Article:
Hinds: The Road to Leave Me Alone

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Hinds: The Road to <i>Leave Me Alone</i>

Had Ana Perrote’s mom forbidden her from going on a road trip with Carlotta Cosials, the band now known as Hinds might not exist.

“I remember we planned it like two days before,” says Perrote of the trip from their hometown of Madrid to the coast of Spain. “I was a little scared because I was 15 and it was the first trip I did with just one friend, and she’s four years older than me, so I was like, ‘yeah, Mom, I’m going with Carlotta, remember her? Yeah, she was here the other night!’ and my mom’s like, ‘Yes, yes, and who’s driving?’ so I say, ‘She’s driving! She’s 18!’”

The rest of the band bursts into laughter at this anecdote. We’re sitting in Hinds’ tour van, a trash-filled Ford Transit with Oregon plates, which is decidedly not the same vehicle that Cosials and Perrote drove to the Costa Blanca six years ago. It’s the last stop on the band’s first North American tour. They’ve played 22 dates in 20 cities in 30 days. They’ve been doing promotion for Leave Me Alone, their debut full-length, out Jan. 8—two months after this interview takes place. If the band members seem tired, they’re not showing it.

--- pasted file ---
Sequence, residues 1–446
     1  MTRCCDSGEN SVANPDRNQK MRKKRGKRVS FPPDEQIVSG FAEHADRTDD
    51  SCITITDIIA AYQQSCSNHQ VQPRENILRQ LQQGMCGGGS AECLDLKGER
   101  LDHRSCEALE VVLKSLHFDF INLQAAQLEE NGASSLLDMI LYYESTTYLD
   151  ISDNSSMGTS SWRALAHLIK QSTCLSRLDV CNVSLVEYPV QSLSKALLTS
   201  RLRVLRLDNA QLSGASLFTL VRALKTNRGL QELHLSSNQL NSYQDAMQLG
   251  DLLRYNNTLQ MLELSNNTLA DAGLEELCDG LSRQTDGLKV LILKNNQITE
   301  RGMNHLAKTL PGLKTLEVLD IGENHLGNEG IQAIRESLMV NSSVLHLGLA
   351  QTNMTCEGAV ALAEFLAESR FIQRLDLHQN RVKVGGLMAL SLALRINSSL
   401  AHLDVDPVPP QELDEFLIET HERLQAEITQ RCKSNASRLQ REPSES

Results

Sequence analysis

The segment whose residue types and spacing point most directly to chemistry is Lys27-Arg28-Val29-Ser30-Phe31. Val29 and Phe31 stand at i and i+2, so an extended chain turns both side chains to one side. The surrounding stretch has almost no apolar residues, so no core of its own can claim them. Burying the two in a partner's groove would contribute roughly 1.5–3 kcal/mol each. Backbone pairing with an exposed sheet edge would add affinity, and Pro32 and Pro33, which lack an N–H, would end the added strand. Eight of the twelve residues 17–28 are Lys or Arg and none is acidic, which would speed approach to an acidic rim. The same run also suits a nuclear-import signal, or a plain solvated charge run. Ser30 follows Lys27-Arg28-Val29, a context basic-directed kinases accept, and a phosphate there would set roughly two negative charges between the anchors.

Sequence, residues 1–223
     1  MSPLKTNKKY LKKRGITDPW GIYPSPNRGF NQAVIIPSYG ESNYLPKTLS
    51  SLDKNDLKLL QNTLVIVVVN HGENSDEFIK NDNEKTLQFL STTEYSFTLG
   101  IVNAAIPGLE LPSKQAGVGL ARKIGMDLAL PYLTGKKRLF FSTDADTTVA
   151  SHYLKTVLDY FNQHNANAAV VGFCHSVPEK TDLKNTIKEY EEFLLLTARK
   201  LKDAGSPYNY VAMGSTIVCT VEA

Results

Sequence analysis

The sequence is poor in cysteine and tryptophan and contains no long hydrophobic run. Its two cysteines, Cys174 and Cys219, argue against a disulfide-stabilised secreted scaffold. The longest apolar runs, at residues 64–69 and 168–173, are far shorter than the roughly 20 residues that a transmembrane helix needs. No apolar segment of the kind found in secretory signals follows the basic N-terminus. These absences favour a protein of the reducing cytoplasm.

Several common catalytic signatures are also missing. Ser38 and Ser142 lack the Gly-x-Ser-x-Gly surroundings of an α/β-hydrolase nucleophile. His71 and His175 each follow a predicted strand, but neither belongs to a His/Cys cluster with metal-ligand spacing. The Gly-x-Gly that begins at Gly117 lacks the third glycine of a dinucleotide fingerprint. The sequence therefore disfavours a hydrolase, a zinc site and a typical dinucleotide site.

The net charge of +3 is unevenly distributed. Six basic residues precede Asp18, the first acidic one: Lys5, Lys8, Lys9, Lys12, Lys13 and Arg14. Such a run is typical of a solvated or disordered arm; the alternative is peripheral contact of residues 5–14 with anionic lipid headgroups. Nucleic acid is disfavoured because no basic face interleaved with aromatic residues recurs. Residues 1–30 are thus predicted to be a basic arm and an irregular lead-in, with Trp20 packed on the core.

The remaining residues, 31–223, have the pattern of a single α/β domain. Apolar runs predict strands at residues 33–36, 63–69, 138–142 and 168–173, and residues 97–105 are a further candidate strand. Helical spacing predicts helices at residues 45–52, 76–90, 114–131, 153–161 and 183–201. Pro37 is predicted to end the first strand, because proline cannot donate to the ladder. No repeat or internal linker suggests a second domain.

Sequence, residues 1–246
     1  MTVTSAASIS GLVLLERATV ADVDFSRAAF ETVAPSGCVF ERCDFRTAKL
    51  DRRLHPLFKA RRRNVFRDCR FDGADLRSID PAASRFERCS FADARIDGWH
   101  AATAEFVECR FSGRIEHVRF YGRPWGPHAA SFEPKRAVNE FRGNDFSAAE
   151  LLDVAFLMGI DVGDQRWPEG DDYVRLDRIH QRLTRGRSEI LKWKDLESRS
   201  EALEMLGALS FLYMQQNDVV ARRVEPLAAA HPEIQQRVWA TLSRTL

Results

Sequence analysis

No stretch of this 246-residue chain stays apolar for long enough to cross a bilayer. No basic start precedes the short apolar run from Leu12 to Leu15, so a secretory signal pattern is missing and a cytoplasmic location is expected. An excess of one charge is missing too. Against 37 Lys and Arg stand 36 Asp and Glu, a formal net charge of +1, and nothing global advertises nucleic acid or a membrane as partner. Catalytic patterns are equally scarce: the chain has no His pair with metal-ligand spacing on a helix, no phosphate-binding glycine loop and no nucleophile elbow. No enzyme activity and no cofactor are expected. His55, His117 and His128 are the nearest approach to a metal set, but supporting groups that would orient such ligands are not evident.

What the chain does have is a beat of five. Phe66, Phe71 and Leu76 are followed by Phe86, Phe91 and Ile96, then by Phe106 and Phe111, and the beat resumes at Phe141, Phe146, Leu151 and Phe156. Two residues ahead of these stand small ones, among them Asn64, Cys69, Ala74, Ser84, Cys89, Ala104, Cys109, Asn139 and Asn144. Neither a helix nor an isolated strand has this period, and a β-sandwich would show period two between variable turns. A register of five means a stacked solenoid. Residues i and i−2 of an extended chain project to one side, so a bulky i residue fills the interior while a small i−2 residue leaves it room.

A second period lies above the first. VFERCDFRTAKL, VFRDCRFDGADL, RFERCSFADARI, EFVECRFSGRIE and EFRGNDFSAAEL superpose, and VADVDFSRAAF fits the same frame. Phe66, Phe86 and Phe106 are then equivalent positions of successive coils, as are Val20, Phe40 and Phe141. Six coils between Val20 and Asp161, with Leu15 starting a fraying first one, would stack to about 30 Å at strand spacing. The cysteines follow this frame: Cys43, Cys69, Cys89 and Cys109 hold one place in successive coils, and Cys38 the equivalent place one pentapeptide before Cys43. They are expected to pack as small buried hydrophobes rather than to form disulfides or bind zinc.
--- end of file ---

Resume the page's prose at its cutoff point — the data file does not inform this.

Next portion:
So what was it about the 15-year-old Perrote that made Cosials take notice?

“I don’t know, we fitted very well,” says the elder singer/guitarist. The band members’ English isn’t exactly broken, but there are quirks like “fitted” here and there throughout the conversation. Cosials then addresses Perrote directly: “I think we weren’t that young when we met.”

Maybe she doesn’t want to feel responsible for corrupting the youth? She takes a sip from her PBR tallboy. Next to her sits drummer Amber Grimbergen, who has a large X drawn on her right hand. It’s not that Grimbergen has taken a straight-edge pledge to abstain from drugs or alcohol. It’s just that she’s only 19 and the bouncer drew the letter on her hand so the bartender at the venue would know not to serve her.